Sustainability comes at a cost, solar panels from a decade ago were pushed as life-changing, you would earn money, the government would pay you and it was the promise of a new era. Many property owners jumped onboard to the schemes and businesses were created and grew.
Fast forward to now and many companies have gone bust, panels are more efficient and cheaper to buy and install yourself. If only 12% of the UK land had solar it would give enough energy to fuel the nation that would be around 16 panels per household of four. You wouldn’t even need direct sun so the stereotypical rainy British day wouldn’t be an issue with newer technology.
This all sounds near perfect, what’s the problem you’ll be wondering? Like nearly everything solar panels have a life expectancy and by 2050 there would be an estimated 60 million tons of landfill waste caused by the panels (source)There are recycling schemes currently in place but the larger issue will be the solar property problem.
Solar property problems:
During the solar ‘boom’ when there were companies galore promising to change your life by generating energy they would rent your roof (via a scheme of the same name) which tied into the government’s Feed-in Tariff. The scheme is still ongoing, although closed for new customers and is, in fact, causing some problems for homeowners.
Banks may not give a mortgage against the problem as you would no longer ‘own’ part of it, summed up by one Reddit user:
“Essentially, in the banks’ eyes if you default they can’t sell the house because by now it’s likely some shell organisation in Panama is the tenant of your roof.”
This is compounded even more than many organisations have gone bust and no one knows who even owns the roof. The lure of ‘free solar’ promised to homeowners resulted in an inability to sell or remortgage many properties. Insurance can also go up to cover the unknown creating a similar problem with the current cladding crisis causing problems tracking down just who owns what. With the speed of new installations during solars peak, panels were installed quickly however, some of the roofs that they were installed in were never surveyed for if they could hold the additional weight and over time it’s caused structural issues in the property.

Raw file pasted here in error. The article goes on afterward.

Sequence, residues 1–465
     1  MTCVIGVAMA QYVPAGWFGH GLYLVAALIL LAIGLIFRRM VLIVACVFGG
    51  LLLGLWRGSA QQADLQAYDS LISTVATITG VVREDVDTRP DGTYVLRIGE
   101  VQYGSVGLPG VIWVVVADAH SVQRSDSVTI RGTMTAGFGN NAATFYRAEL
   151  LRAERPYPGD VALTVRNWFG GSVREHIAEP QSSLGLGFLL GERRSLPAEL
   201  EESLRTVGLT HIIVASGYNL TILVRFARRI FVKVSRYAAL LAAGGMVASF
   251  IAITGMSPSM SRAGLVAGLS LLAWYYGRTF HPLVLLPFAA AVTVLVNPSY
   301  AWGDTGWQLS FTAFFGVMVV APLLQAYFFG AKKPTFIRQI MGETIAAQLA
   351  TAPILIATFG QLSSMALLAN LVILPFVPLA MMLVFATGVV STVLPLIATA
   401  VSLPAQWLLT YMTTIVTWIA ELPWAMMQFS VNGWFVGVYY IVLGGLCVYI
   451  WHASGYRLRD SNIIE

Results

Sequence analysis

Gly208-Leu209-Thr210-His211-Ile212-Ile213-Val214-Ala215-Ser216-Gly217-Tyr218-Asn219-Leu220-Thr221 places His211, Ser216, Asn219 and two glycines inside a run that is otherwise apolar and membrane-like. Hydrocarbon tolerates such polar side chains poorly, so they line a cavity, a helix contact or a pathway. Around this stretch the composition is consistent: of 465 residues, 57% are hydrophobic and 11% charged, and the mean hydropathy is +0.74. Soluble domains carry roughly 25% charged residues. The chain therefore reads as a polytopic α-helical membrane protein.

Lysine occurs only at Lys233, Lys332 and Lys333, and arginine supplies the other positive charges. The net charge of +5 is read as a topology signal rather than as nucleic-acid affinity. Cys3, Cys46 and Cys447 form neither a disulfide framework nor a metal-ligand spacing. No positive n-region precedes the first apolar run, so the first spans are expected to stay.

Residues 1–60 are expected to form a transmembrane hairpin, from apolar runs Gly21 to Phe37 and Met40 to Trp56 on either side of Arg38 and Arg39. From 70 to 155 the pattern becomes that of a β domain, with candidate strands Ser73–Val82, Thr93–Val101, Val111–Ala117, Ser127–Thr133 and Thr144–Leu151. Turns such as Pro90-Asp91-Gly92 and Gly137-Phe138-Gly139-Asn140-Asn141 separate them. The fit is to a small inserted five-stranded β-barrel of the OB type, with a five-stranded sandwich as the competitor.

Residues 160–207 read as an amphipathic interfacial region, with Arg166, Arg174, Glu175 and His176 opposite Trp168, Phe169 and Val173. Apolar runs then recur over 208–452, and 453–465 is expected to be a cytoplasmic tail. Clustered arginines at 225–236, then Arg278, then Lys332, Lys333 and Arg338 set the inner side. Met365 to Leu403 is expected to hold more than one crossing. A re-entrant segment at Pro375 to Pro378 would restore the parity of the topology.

“We were not aware that it might become a problem when we put the offer in 4 months ago. Now we’re waiting to hear from a solicitor if there’s a solution” – said Joanna, a first-time buyer from Southhampton
The panels can be removed often but this can cost thousands of pounds which aside from the cost would also nullify any savings of the panels. It is possible to continue on with contracts but there is very little definitive information available. Jeremy, a painter from Brighton said “In 2010, my wife and I were presented with this wonderful idea of having free energy, that is good for the environment. We didn’t think twice and signed the contract to lease our roof. Now my wife has passed and I need to downsize, unfortunately, our buyer won’t proceed unless I pay the fee to have the panels removed.”
Homeowners are stuck into contracts with unknown ends, many people are still unaware of the scheme carrying on even if the Feed-in Tariff ended in 2019. If you are trying to sell a property with a solar panel problem why not contact us, we have experience dealing with problematic properties and we are able to buy any house.